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Article Title

Implementation of an Evidence-Based Breast Cancer Support Tool for Newly Diagnosed Breast Cancer Patients as Standard Care at Two Institutions: Use and Sustainability

Publication Date

4-30-2015

Keywords

implementation, breast cancer

Abstract

Background/Aims: The Comprehensive Health Enhancement Support System (CHESS) was created to answer the need for information and support and to improve the quality of life of breast cancer patients. CHESS has been validated in several randomized trials. The aim of the current study is to implement CHESS as part of standard care at two Denver health care systems. All women who received a breast cancer diagnosis were offered access to CHESS during or very shortly after notification of their diagnosis and throughout the treatment process to provide information and decision-making support.

Methods: From July 2012 to July 2013, all newly diagnosed breast cancer patients at both institutions were offered CHESS. Two months postdiagnosis, CHESS users and non-users were randomized to no contact or to complete a telephone survey or interview about CHESS. Patient use of CHESS was tracked on the system server. In-depth interviews also were conducted with providers of both institutions after CHESS had been in use for one year. Providers were asked about organizational changes affecting CHESS implementation and sustainability, and potential to sustain CHESS after study completion.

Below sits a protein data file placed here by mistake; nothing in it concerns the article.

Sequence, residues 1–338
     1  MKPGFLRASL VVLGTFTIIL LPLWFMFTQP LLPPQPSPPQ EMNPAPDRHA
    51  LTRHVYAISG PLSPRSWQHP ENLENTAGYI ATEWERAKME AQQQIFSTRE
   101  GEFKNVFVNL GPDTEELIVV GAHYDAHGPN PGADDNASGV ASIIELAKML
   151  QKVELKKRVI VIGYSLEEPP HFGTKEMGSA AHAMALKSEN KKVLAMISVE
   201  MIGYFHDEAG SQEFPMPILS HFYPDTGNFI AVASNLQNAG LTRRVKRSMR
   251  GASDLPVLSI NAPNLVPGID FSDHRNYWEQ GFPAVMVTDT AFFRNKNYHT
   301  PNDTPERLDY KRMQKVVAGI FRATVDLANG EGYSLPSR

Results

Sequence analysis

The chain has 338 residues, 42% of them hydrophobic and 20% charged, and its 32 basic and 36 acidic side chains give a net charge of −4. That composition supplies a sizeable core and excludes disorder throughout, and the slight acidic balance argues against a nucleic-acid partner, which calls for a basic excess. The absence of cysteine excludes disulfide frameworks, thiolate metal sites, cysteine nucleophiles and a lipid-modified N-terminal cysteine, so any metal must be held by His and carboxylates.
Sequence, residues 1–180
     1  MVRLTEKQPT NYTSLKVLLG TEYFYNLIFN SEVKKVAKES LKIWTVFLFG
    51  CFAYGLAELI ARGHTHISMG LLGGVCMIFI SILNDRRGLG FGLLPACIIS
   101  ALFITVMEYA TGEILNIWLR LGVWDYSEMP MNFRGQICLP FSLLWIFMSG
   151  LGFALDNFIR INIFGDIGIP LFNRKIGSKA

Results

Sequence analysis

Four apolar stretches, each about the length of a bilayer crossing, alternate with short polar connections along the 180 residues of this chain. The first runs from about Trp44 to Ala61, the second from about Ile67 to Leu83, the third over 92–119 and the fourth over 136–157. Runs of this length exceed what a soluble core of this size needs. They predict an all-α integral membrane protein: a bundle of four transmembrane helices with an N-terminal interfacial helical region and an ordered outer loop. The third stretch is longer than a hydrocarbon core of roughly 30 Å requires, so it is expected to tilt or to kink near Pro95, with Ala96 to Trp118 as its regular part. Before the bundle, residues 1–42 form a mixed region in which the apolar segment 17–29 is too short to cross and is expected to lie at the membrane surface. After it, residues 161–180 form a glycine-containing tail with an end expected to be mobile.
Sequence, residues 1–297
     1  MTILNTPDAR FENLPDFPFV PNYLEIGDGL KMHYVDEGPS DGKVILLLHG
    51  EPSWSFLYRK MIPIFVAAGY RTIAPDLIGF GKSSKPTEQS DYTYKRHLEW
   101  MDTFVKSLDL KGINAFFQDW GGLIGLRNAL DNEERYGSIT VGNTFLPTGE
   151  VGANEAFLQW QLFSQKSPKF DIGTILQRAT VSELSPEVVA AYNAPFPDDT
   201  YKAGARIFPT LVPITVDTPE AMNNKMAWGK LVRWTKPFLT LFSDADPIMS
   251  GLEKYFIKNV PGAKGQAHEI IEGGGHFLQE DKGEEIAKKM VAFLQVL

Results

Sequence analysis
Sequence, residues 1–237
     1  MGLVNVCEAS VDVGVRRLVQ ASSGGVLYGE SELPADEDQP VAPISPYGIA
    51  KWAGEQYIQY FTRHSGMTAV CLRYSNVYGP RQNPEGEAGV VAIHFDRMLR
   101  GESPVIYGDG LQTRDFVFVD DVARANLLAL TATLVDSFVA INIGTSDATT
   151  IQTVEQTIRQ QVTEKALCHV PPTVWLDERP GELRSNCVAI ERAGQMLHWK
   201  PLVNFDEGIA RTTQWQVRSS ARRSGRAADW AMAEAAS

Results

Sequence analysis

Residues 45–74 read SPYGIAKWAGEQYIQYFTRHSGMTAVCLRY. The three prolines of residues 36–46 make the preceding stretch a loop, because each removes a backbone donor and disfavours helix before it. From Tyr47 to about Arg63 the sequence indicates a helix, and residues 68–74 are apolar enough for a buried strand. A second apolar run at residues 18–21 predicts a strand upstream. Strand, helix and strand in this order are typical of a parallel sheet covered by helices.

Results: All patients were offered CHESS at least once, most often by nurses responsible for delivering the diagnosis. Overall, 24% of patients used CHESS by 2 months postdiagnosis. Users who liked CHESS said it was a safe and structured place to get needed information. For others, providing a username and password was a barrier to CHESS use. Providers liked having the CHESS resource to give patients; however, some felt that resources required for sustainability might be best used elsewhere. Other providers felt that CHESS should be sustained and expanded throughout each organization because of the potential impact for the women who preferred to use Web-based resources. Providers also felt that no Web-based resource could replace individual interactions with patients.

Discussion: Patients who liked CHESS felt it was helpful and appreciated the resource. Providers liked having CHESS to offer patients. Some providers felt CHESS should be maintained and expanded, while others felt it was no longer unique. Various resources may be necessary to meet patient and provider needs.

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